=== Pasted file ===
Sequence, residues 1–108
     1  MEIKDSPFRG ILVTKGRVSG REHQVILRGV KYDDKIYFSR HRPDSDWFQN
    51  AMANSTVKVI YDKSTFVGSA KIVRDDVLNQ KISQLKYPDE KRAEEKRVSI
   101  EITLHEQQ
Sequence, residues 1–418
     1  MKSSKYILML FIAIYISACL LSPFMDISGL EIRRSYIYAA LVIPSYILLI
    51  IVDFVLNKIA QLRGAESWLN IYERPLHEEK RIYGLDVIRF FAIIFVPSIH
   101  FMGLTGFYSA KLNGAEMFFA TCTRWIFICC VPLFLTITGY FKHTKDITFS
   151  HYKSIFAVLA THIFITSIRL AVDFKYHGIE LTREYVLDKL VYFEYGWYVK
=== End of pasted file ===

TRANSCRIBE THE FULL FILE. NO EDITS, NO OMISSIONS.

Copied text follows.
Sequence, residues 1–108
     1  MEIKDSPFRG ILVTKGRVSG REHQVILRGV KYDDKIYFSR HRPDSDWFQN
    51  AMANSTVKVI YDKSTFVGSA KIVRDDVLNQ KISQLKYPDE KRAEEKRVSI
   101  EITLHEQQ
Sequence, residues 1–418
     1  MKSSKYILML FIAIYISACL LSPFMDISGL EIRRSYIYAA LVIPSYILLI
    51  IVDFVLNKIA QLRGAESWLN IYERPLHEEK RIYGLDVIRF FAIIFVPSIH
   101  FMGLTGFYSA KLNGAEMFFA TCTRWIFICC VPLFLTITGY FKHTKDITFS
   151  HYKSIFAVLA THIFITSIRL AVDFKYHGIE LTREYVLDKL VYFEYGWYVK